– WELL, AT LEAST YOU’RE HONEST, BUT IT’S QUITE A LOAD CARRYING AROUND ALL THAT BITTERNESS AND RESENTMENT, ISN’T IT?

– Yes, but I’ll feel better as soon as I get even with her. Boy, have I got some plans for her. She’ll wish she had never been born.

– NO, YOU WON’T FEEL ANY BETTER. YOU’LL FEEL WORSE. REVENGE ISN’T SWEET. YOU KNOW HOW UNHAPPY YOU ARE? WELL, I CAN CHANGE THAT.

– You can? How?

– FORGIVE ALICE. THEN, I’LL FORGIVE YOU, AND THE HATE AND SIN WILL BE ALICE’S PROBLEM — NOT YOURS. YOU WILL HAVE SETTLED THE PROBLEM AS FAR AS YOU ARE CONCERNED.

– Oh, you know, you’re right. You always are. More than I want revenge, I want to be right with You… *sigh* All right…all right…I forgive her.

– THERE NOW! WONDERFUL! HOW DO YOU FEEL?

– Hmmmm. Well, not bad. Not bad at all! In fact, I feel pretty great! You know, I don’t think I’ll go to bed uptight tonight. I haven’t been getting much rest, you know.

– YEAH, I KNOW, BUT YOU’RE NOT THROUGH WITH YOUR PRAYER, ARE YOU? GO ON.

– Oh, all right. And lead us not into temptation, but deliver us from evil.

– GOOD! GOOD! I’LL DO THAT. JUST DON’T PUT YOURSELF IN A PLACE WHERE YOU CAN BE TEMPTED.

– What do you mean by that?

– YOU KNOW WHAT I MEAN.

– Yeah. I know.

– OKAY. GO AHEAD. FINISH YOUR PRAYER.

– For Thine is the kingdom and the power and the glory forever. Amen.

– DO YOU KNOW WHAT WOULD BRING ME GLORY? WHAT WOULD REALLY MAKE ME HAPPY?

– No, but I’d like to know. I want to please you now. I’ve really made a mess of things. I want to truly follow you. I can see now how great that would be. So, tell me, how do I make you happy?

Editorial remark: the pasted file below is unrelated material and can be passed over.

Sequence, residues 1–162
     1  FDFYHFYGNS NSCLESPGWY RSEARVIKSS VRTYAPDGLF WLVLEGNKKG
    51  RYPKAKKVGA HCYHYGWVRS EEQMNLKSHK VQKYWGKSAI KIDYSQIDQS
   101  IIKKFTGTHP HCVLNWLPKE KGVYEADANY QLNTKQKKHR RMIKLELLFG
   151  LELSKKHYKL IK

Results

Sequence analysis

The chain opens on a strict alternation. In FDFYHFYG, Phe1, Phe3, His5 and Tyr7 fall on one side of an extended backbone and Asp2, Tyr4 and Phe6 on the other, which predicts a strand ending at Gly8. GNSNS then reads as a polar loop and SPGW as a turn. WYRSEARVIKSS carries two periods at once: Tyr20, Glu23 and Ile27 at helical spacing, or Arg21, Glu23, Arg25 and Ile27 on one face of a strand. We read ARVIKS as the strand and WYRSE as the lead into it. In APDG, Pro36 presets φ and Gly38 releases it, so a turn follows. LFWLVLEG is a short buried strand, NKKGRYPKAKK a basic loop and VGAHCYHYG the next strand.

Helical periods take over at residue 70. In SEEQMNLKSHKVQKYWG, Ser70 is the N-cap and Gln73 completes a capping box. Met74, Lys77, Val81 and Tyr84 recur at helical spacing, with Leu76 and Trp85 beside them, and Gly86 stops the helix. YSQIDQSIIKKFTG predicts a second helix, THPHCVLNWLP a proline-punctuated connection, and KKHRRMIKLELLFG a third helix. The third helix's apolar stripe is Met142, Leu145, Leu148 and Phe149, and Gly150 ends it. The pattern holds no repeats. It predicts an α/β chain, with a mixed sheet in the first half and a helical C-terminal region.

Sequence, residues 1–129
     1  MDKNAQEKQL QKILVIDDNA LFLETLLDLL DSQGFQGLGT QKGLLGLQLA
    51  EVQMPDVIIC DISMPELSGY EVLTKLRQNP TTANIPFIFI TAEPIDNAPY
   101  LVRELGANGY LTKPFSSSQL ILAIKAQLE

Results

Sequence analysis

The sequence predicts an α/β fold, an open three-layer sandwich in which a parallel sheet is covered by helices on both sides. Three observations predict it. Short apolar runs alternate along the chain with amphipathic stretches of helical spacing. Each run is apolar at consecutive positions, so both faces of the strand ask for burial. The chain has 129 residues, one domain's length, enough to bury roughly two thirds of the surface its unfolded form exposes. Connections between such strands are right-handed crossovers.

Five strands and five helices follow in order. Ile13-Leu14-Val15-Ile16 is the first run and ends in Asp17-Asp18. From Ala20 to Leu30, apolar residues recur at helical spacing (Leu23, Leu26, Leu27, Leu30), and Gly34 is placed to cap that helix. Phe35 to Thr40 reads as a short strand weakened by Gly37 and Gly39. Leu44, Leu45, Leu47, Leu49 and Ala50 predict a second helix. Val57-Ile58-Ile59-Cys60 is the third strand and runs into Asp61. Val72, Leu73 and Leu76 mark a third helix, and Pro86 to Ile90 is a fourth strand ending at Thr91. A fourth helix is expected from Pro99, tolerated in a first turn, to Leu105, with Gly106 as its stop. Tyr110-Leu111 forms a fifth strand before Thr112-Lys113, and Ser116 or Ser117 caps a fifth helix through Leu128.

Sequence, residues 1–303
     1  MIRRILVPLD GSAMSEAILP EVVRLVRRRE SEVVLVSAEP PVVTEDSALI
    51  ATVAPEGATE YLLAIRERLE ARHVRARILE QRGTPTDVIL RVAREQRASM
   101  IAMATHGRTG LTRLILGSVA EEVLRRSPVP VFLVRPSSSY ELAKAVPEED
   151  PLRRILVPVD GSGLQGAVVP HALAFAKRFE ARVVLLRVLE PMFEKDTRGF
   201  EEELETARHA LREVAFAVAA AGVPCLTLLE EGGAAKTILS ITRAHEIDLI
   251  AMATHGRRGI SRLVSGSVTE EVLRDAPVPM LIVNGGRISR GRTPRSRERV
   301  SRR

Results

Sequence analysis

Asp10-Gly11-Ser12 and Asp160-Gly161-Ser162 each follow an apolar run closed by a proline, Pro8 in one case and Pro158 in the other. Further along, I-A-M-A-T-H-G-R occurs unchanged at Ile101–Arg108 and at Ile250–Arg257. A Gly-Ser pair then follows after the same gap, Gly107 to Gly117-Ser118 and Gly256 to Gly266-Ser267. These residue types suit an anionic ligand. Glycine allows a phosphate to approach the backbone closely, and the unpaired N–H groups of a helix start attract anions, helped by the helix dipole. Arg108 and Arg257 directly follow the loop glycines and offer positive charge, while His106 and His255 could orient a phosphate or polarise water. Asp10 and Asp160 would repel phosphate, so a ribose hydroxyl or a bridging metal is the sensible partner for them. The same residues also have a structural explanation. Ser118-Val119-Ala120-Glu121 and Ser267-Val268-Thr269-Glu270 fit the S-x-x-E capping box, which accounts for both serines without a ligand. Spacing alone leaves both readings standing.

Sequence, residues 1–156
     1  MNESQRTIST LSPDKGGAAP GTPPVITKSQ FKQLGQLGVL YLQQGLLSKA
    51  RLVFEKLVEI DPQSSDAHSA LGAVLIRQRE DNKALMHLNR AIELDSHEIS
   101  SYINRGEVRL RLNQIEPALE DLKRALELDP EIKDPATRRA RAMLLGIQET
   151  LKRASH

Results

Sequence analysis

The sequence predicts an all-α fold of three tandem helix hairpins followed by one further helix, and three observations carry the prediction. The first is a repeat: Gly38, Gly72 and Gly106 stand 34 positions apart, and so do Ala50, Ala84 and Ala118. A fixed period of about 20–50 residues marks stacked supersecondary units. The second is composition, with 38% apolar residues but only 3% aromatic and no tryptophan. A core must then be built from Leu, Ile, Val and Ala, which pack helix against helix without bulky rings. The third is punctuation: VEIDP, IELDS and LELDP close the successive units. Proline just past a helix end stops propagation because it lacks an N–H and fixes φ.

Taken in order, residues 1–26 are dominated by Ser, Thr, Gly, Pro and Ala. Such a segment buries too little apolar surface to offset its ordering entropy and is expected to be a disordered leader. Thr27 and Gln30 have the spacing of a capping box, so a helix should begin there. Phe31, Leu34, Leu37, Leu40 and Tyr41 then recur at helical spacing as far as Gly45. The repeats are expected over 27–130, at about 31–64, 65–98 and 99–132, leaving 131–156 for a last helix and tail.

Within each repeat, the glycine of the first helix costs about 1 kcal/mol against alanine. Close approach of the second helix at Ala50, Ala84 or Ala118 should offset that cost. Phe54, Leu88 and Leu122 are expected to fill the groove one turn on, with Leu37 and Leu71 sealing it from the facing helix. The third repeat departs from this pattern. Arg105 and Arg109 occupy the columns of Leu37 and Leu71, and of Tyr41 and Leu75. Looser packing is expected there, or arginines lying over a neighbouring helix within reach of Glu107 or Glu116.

– YOU JUST DID.

 

God Scent

Heaven Scent

Smell the Rain……

 

A cold March wind danced around the dead of night in Dallas as the doctor walked into the small hospital room of Diana Blessing. Still groggy from surgery, her husband David held her hand as they braced themselves for the latest news.

That afternoon of March 10, 1991, complications had forced Diana, only 24-weeks pregnant, to undergo an emergency cesarean to deliver the couple’s new daughter, Danae Lu Blessing. At 12 inches long and weighing only one pound and nine ounces, they already knew she was perilously premature. Still, the doctor’s soft words dropped like bombs.

“I don’t think she’s going to make it,” he said, as kindly as he could. “There’s only a 10-percent chance she will live through the night, and even then, if by some slim chance she does make it, her future could be a very cruel one.”

Numb with disbelief, David and Diana listened as the doctor described the devastating problems Danae would likely face if she survived. She would never walk. She would never talk. She would probably be blind. She would certainly be prone to other catastrophic conditions from cerebral palsy to complete mental retardation. And on and on.

“No! No!” was all Diana could say. She and David, with their 5-year-old son Dustin, had long dreamed of the day they would have a daughter to become a family of four. Now, within a matter of hours, that dream was slipping away.